The general public is reasonably aware of social media’s effects on mental health. But Instagram’s research reveals it’s uniquely formatted to negatively impact users’ body image and encourage social comparison. Instagram admits its most harmful features are baked into its core, according to the report. These include its Explore page, which pushes algorithm-selected content to users based on demographic information and previous post interactions, as well as the app’s overall focus on body and lifestyle. When a user goes to take a photo in Stories mode, they’re offered thousands of filters aimed at enhancing the user’s facial structure and features, including ones that appear to lighten the user’s skin or slim their face. Another dangerous aspect of Instagram’s interface may also be found in its infinite scroll, where users are able to perpetually scroll through content without ever needing to refresh the page or hit a “next” button, resulting in a literally endless feed of “perfect” bodies and faces. According to Instagram itself, these features “exacerbate each other to create a perfect storm.”
“We make body image issues worse for one in three teen girls,” the presentation detailing Instagram’s research findings stated. The research team comprised Facebook employees who specialize or have backgrounds in data science, computer science, psychology, marketing, and quantitative and qualitative analysis. Though it’s a relief to see such variety, one can’t help but wonder if the app’s users would be better off if more of the team came from specialties such as mental illness and eating disorder treatment, gender studies, or other social services—and from the very start, not after the fact.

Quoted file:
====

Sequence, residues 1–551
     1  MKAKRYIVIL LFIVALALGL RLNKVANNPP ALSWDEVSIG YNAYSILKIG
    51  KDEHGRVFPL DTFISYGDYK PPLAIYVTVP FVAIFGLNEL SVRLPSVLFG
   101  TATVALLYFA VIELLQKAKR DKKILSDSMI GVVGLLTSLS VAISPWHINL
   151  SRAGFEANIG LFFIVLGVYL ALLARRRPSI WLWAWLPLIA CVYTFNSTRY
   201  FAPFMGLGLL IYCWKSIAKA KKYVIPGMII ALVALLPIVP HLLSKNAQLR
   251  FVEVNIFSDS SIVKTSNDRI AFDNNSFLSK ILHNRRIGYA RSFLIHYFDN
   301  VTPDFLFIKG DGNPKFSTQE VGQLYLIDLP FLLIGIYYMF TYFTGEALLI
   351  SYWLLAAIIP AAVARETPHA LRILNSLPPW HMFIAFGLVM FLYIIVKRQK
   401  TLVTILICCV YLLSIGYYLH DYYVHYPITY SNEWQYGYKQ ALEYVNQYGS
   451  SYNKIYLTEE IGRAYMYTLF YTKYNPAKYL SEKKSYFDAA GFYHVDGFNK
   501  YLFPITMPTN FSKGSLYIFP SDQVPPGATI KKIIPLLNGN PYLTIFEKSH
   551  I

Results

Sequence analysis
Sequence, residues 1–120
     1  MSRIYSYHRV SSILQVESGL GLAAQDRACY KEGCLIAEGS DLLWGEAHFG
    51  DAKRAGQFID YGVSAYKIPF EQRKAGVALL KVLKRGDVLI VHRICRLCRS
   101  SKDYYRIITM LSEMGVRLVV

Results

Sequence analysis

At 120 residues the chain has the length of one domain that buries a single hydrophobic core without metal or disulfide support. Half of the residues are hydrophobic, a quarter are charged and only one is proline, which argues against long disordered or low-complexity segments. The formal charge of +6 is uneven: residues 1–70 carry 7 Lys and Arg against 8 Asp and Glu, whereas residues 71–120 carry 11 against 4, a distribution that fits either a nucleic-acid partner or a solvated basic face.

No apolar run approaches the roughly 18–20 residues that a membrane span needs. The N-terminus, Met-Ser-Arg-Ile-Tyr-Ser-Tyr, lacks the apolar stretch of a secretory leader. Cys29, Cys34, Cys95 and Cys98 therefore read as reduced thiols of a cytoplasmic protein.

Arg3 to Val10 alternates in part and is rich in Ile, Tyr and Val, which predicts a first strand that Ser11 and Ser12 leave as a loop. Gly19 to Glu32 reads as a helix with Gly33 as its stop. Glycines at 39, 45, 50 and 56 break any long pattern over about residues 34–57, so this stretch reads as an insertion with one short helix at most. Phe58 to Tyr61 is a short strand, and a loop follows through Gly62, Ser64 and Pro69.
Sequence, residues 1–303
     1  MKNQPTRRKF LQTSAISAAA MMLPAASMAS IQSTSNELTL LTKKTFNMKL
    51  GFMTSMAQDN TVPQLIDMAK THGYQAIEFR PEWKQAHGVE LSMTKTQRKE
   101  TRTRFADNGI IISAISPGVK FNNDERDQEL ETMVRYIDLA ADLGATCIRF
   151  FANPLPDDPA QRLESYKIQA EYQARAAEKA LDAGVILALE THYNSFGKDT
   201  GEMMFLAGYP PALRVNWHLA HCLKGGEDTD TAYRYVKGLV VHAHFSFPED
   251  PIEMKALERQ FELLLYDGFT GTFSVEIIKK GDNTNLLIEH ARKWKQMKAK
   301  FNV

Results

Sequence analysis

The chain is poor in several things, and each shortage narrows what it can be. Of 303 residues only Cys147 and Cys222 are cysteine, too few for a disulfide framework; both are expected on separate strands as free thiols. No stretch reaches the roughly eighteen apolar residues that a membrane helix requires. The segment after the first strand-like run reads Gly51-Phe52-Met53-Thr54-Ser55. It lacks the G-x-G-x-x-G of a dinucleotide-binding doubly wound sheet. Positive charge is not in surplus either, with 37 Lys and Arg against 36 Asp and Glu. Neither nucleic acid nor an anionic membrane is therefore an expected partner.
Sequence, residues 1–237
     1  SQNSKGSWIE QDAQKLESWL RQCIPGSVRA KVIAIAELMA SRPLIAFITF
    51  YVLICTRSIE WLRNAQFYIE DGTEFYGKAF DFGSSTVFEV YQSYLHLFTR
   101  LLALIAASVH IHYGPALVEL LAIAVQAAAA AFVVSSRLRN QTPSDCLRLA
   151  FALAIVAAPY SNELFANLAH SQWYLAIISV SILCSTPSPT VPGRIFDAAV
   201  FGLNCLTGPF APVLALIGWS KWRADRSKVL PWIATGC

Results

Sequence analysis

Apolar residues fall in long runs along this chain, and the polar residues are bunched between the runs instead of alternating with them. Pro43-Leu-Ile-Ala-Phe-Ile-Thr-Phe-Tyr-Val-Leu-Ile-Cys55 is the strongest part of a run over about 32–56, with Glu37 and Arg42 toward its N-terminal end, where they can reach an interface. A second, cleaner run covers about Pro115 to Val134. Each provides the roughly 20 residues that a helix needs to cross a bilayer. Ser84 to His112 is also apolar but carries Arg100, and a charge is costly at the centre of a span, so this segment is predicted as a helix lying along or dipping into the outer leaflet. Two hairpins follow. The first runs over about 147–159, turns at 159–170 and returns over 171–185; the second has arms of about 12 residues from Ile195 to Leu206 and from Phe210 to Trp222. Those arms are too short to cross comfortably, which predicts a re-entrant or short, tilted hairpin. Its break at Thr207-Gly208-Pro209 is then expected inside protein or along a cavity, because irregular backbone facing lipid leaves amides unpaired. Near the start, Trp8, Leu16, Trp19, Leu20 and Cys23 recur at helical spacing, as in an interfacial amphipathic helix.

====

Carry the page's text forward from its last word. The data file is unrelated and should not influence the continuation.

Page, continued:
Even while discussing eating disorders and suicidal thoughts, Instagram’s internal slide deck remained committed to conversion. “Instagram is well positioned to resonate and win with young people,” WSJ says one slide read, as if Instagram was ready to move on from the dire subject matter it’d sought out. “There is a path to growth if Instagram can continue their trajectory.” Facebook CEO Mark Zuckerberg has predictably downplayed Instagram’s negative effects on teen mental health, saying connections made via social media can have positive mental health benefits. But no one is denying that interpersonal connections can be good for one’s mind and soul; rather, they’re suggesting (and proving) toxic thoughts and habits arise from viewing hundreds of photos taken on the best days of strangers’ lives.
For anyone reading and thinking, “Well, yeah, and the sky is blue,” know that you’re not alone—but that Instagram’s report is valuable nonetheless. Though there’s usually plenty of reason to question the accuracy of most internal investigations, Instagram’s research reveals a more unfortunate truth than one would expect to come from its own presentations. Even following such regrettable findings, it’s possible to be hopeful that Instagram’s research will help convince future app developers and social media connoisseurs that apps don’t exist in a vacuum, and that they have deeply sobering effects on our lives.
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